• Alternative option: There’s evidence to suggest that many people who pursue antidepressant treatment fail to respond to first-line options. Some individuals try drug-after-drug, essentially playing “antidepressant roulette” with their help of a medical professional.  Unfortunately, constant jumbling of neurotransmission as a result of ineffective approaches may even increase depression and suicidality.  For this reason, there is an increasing need for alternative options with distinct mechanisms from monoaminergic modulators.  Minocycline appears to possess an alternative mechanism of action with a favorable safety profile, making it worthy of consideration among patients with refractory depression.
  • HIV depression: The depression that often results following contraction of HIV/AIDS is multifaceted, but may stem predominantly from viral replication. Viral replication activates T cells, which in turn leads to upregulation of proinflammatory cytokines.  Proinflammatory cytokines can cause depression, especially at abnormally high concentrations.  Minocycline inhibits HIV replication in the CNS and blunts T cell activation, making it a potential antidepressant and neuroprotective for those with HIV.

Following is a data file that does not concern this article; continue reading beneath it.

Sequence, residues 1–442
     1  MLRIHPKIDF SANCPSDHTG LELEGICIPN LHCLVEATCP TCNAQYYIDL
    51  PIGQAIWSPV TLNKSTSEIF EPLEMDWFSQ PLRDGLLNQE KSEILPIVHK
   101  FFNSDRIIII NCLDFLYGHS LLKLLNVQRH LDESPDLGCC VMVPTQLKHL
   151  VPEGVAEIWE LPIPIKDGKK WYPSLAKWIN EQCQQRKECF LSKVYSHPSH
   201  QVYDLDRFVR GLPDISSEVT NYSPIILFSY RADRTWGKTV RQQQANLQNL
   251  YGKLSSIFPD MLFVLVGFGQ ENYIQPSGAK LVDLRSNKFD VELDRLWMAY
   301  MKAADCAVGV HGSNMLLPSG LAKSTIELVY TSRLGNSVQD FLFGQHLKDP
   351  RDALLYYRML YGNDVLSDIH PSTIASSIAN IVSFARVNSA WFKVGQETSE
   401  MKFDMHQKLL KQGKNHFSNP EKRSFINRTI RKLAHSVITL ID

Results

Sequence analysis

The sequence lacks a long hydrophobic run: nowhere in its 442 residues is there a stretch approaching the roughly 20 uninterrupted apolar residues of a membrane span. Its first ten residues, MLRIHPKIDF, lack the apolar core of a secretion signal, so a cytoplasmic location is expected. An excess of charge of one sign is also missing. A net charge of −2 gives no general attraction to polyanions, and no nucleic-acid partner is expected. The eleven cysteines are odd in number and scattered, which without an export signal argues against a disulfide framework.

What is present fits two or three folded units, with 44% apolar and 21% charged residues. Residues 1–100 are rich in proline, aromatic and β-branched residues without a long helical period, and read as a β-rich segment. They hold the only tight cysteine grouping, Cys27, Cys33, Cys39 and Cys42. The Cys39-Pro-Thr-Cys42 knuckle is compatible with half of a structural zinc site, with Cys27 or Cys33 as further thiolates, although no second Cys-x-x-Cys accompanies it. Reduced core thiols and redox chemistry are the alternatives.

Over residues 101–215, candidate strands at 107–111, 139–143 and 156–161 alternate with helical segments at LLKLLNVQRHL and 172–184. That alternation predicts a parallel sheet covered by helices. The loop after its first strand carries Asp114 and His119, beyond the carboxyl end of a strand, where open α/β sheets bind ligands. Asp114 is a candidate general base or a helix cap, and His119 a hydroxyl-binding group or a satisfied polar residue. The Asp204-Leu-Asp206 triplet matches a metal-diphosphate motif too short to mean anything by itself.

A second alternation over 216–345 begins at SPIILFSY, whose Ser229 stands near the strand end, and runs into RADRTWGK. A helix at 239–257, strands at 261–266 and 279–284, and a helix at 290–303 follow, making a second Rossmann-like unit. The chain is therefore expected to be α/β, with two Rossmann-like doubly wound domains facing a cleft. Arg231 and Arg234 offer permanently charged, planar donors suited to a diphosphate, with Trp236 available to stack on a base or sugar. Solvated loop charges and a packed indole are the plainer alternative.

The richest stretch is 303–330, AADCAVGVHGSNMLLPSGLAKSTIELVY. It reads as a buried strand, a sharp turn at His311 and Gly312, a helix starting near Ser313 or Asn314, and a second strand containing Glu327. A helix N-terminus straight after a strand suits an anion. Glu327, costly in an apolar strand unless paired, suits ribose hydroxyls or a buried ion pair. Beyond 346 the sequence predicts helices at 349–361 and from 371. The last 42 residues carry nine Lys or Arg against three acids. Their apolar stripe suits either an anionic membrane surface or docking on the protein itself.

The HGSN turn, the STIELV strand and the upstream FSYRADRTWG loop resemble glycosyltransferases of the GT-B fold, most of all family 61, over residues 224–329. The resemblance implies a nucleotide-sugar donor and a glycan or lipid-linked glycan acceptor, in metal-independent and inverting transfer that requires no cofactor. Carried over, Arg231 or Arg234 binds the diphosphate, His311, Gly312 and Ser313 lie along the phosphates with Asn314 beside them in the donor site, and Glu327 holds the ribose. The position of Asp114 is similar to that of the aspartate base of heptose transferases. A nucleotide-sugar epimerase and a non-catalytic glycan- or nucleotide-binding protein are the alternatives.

• Inflammation-induced depression: The associations between inflammation and neuropsychiatric disorders are ubiquitous. Fortunately, minocycline is capable of significantly decreasing inflammation.  Those with depression caused mostly by inflammation may find that minocycline significantly enhances mood.  A reduction in inflammation throughout the body may also improve general health.
  • Long-term effect: It is unclear as to whether minocycline provides long-term antidepressant efficacy. However, for conditions such as MS (multiple sclerosis), long-term administration of minocycline over a 24-month period was associated with sustained improvements.  Therefore, it could be speculated that minocycline remains neurophysiologically efficacious even after a long-term.  Since many antidepressants stop working due to tolerance, minocycline may be a superior option.
  • Neuroprotective effect: Depression is known to cause neurodegeneration when left untreated for a sustained duration. Intervention with minocycline may not only alleviate depressive symptoms, but it could protect the brain from damage associated with oxidative stress, inflammation, viruses, and immune activity.  There’s ample evidence to suggest that minocycline preserves dopaminergic neurons and transporters, as well as decreases 5-LOX – a biomarker associated with brain aging.